CyberSafe and Savvy Tip 17: Talking to Kids About Sexting

Have you and your kids had “the talk”?

In today’s digital society we actually have to have a bunch of “talks” with our kids. There’s the one that jumps to mind when we think of “the talk” – sex. Then, there’s all the stuff that comes with being part of the digital world that sometimes has to do with sex and sexuality but more times than not has to do with just growing up and learning to act more grown up.

In today’s digital world, kids have cell phones at younger and younger ages. While this may seem like a great idea for communication, we have to remember that our kids are still learning and growing. They will make mistakes and not always think before they text and hit “send” or take a picture and hit “send” or create a post and hit “send”, to name some of the more common activities that kids of all ages do with their cell phones.

So, to keep our kids safe in today’s very mobile digital world, we have to talk to them about the rules for the road of that world, just as our parents did with us with all the stuff that existed when we were kids.

In today’s world, that means having open and honest conversations about:

  • sexting
  • cyberbullying and bullying
  • apps
  • online shopping
  • privacy settings
  • friends and friending
  • how to text and post appropriately

Luckily, some of these issues only come into play with the fancier phones. So, you can hold off on having some conversations until your kids are ready for those phones.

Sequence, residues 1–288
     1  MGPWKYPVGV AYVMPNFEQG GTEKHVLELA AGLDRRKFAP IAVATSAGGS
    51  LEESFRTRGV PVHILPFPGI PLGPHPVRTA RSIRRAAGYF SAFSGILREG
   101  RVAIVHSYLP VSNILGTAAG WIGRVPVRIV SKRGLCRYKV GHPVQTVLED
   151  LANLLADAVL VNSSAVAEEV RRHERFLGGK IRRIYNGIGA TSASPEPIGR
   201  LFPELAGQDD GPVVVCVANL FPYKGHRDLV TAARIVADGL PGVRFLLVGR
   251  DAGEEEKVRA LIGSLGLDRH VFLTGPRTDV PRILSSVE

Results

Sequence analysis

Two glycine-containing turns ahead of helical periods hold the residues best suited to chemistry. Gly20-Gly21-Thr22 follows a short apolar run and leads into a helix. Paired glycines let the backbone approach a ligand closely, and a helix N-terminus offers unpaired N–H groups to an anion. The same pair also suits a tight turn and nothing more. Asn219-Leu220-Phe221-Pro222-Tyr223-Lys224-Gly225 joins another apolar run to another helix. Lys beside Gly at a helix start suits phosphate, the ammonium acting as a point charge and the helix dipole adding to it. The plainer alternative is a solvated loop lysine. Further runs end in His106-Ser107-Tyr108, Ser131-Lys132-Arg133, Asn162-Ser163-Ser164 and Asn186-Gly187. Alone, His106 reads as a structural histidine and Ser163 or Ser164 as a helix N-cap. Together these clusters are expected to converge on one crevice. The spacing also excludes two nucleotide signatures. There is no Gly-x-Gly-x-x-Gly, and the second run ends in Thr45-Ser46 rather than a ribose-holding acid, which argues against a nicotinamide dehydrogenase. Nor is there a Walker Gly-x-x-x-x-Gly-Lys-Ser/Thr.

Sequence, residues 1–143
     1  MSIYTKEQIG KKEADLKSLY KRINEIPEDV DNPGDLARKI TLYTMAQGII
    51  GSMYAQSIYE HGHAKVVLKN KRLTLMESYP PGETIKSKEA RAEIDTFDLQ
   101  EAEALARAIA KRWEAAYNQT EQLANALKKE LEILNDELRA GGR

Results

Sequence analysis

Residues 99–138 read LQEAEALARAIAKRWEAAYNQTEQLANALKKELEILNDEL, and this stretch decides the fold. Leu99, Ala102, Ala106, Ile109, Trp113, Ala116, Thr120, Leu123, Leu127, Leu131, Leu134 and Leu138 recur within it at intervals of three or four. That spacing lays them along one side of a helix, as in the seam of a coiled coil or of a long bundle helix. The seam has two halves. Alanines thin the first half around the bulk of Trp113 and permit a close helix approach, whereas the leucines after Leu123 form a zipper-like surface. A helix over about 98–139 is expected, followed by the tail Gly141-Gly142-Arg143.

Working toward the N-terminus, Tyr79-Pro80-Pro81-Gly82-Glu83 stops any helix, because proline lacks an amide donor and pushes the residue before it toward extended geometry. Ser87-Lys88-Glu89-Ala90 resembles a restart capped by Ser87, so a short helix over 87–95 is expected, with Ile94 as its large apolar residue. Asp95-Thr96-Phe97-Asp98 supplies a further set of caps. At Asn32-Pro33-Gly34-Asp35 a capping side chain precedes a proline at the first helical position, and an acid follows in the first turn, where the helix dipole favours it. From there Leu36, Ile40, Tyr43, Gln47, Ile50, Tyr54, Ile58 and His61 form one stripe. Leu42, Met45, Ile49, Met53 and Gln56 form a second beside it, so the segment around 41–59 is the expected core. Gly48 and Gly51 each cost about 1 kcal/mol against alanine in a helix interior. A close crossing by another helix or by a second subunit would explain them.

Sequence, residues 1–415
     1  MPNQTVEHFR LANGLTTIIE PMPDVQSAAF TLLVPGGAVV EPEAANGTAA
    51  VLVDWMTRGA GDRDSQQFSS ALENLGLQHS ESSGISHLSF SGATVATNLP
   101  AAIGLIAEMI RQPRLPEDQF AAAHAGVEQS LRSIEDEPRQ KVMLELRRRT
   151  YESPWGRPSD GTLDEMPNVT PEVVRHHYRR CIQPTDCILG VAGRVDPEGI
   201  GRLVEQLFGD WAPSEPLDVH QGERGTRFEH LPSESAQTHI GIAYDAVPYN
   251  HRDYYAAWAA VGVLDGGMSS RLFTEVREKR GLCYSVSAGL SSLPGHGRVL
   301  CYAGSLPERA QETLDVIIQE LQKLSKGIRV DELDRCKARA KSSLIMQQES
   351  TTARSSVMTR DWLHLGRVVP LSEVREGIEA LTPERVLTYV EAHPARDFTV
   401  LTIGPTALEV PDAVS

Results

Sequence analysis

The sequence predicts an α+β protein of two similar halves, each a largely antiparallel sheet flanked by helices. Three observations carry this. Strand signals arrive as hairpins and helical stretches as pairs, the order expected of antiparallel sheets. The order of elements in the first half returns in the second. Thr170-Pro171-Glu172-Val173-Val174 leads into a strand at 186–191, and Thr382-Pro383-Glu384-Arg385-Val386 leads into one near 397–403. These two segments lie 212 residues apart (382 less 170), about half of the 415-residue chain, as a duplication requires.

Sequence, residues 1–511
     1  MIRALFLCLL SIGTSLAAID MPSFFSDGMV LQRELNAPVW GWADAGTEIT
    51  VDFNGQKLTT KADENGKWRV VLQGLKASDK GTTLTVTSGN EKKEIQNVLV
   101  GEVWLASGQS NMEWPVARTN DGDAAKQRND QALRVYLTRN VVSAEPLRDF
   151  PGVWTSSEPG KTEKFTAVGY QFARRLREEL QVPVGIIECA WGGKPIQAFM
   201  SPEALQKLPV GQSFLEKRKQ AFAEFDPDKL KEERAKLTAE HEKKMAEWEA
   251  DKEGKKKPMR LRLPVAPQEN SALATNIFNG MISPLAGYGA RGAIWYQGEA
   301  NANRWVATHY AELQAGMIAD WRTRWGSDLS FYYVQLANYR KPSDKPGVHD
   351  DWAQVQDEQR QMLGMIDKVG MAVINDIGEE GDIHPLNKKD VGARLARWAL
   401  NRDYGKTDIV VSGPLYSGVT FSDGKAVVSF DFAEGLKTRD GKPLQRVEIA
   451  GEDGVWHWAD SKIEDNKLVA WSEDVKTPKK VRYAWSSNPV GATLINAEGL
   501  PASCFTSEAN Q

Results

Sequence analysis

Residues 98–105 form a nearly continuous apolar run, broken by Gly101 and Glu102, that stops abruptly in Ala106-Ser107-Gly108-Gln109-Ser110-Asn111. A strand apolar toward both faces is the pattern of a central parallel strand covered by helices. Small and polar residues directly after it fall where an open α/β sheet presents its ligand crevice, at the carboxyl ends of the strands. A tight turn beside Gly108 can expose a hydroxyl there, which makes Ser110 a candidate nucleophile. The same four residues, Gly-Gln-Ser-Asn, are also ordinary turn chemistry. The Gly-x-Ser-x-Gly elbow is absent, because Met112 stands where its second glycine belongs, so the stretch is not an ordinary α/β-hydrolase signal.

But, even for the most basic, phones, if you can’t talk to your kids about sexting, bullying and cyberbullying, you’re child is likely not ready for the phone.

Keep in mind, sexting has nothing to do with having sex, for most kids – it’s about being part of a culture, often a relationship. It’s about exploration and is really a very normal part of teenage development. But, there are some significant legal issues with it so we have to make sure our kids understand that the sending and receiving of those images is just poor judgement but illegal in most states.

To help you sort out how best to talk to your kids about this very challenging issue, I helped the American Academy of Pediatrics create some tips. Use them to talk to your kids – even if they already have a cell phone. I know it’s a tough conversation – believe me, I’ve been there with both my girls. But, better to have the awkward conversation, complete with eye rolls, and know your kids are safe, then ignore it and hope for the best.

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